• The rot extends into the husk and often into the kernel cavity especially when the shell has not hardened. At times the axis of the inflorescence gets affected.
  • The disease is usually prevalent in coconut palms growing in association with areca palm.
  • It is usually virulent after the rains of the S.W monsoon when the atmospheric humidity is high.


  • Fruit rot can be successfully controlled by spraying the bunches with 1% Bordeaux mixture to be effective, the treatment should be given during the pre-monsoon and post-monsoon periods.
  • In addition to spraying, the crowns of the palms whether affected or not, should be given a thorough cleaning.
  • The shed nuts should also be collected then and there and burnt.


Ikisan - Stem Bleeding in Coconut

Stem Bleeding


  • Stem bleeding disease was first reported from Ceylon. Later on, it was observed in India, the Philippines, Malaya, Andamans and in Trinidad.


Ooze from cracks of coconut stem

  • The characteristic symptom of the disease is the exudation of a dark reddish brown fluid from cracks in the outer tissue usually found at the lower portion of the trunk, about 2m to 3m, from the ground.
  • The fluid turns black in colour as it dries up on the bark.

Large cavity in the diseased stem

  • The tissues beneath the bleeding patches become decayed and yellowish.
  • The infection may occur anywhere on the trunk, but is rarely observed on the soft portion immediately below the crown.
  • The symptoms exhibited by young trees are different from those described above.
  • On young palms, the spread of the disease is more rapid.

Darkening of affected stem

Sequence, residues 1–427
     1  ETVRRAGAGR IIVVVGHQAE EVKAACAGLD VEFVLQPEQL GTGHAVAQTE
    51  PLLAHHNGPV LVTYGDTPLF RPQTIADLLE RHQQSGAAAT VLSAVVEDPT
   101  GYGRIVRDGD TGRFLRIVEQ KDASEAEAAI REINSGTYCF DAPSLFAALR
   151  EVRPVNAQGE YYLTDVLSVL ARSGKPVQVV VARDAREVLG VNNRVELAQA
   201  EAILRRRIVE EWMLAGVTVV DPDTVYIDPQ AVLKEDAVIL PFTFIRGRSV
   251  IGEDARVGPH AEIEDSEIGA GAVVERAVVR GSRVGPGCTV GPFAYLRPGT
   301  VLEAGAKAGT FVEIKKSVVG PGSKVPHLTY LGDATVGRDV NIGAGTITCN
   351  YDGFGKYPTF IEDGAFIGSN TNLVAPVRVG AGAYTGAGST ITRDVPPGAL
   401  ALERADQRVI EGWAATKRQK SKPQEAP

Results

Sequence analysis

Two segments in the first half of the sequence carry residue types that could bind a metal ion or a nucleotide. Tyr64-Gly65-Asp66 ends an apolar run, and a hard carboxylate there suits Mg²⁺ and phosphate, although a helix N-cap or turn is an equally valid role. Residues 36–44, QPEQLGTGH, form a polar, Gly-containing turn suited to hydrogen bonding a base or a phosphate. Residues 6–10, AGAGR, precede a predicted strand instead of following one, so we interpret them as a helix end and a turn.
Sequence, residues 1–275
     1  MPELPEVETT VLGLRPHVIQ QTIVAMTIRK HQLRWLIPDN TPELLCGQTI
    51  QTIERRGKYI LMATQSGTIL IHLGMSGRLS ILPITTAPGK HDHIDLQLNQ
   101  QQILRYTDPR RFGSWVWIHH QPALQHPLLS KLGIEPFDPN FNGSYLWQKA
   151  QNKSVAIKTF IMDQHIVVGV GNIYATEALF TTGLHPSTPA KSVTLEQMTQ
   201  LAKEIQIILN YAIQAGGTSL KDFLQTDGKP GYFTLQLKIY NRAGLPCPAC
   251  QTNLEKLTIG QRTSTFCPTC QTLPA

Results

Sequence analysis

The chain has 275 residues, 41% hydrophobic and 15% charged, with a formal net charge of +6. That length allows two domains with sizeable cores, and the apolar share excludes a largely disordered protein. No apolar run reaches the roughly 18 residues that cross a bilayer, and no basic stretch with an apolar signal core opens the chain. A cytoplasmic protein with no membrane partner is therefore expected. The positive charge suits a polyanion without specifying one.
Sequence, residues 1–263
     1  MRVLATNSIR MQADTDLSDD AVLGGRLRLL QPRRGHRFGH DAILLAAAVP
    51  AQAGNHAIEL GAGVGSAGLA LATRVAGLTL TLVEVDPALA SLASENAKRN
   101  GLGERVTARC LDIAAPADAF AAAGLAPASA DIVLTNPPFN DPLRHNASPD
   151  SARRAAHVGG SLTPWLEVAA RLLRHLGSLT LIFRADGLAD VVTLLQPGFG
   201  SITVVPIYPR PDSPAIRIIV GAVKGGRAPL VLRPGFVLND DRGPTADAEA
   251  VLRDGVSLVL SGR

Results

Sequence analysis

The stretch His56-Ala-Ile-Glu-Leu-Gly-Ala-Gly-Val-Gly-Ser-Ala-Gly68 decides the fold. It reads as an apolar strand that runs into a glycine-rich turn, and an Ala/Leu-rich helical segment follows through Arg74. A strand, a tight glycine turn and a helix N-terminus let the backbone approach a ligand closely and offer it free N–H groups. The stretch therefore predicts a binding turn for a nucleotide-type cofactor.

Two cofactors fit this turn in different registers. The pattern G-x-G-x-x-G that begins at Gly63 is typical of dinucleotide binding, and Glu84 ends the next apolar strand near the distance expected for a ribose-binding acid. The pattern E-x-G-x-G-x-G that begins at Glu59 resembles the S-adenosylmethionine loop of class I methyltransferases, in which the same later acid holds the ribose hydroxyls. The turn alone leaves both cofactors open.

• The external patches do not indicate the extent of the internal decay.
  • A general rot of the soft inner tissue takes place, leading to the formation of a cavity in the central portion of the stem and an accumulation of a thin yellowish fluid.
  • The fluid gushes out when the cavity is opened.
  • The decay when directed downwards to the bole, leads to the tree becoming hollow without any external symptoms.


  • Spores of the fungus Thielaviopsis were observed in the liquid which oozes out.
  • The same fungus was isolated from the discoloured tissue underlying the bleeding patches.
  • The fungus was identified as T. ethaceticus which is identical to Thielaviopsis paradoxa or Ceratostomella paradoxa, the perfect stage of the fungus.
  • The fungus being a wound parasite, makes its entry through growth cracks which normally occur on the coconut stem.

Different types of stem bleeding

  • As mentioned earlier, the bleeding observed on the coconut stem may be due to several reasons and it might also be of different types.
  • Three distinct types of bleeding have been recorded in Malaya
  • The common type of bleeding due to the decay of the soft tissues about five centimetres thick, in which case, the bleeding takes place from all available cracks on the bark,
  • Bleeding through abandoned white-ant galleries, and
  • Bleeding from one single wound associated with a' New disease' recorded in Malaya.
  • The disease caused by Ganoderma lucidum is associated with bleeding of the stem.
  • Bleeding patches occur at the base of the trunk all round resulting in the slow death of the outer tissue; it extends higher up on the trunk as the infection advances.
  • Occurrence of the stem bleeding due to physiological causes:
  • Occurring on neglected gardens following heavy manuring and subsequent drought. In this case bleeding patches are reddish brown and circular, extending to a diameter of about seven centimetres and commencing from 0.5 m to 1 m from the base.
  • The patches spread spirally about half way up the stem, and,
  • Bleeding due to heavy rains following drought; in this group there are two types of bleeding

    (a) in ill-drained soils following floods which does not cause much damage; and
    (b) on lands with fluctuating water table; the bleeding under these circumstances is extremely severe, the patches almost reaching the crown and often causing the ultimate death of the palms.


  • The disease can be controlled to a certain extent by carrying out the following treatments.
  • The infected tissues should be cut out with a chisel.
  • The inner affected tissues should be scooped out till no diseased tissues remain behind and dressing the wound with tar or Bordeaux paste.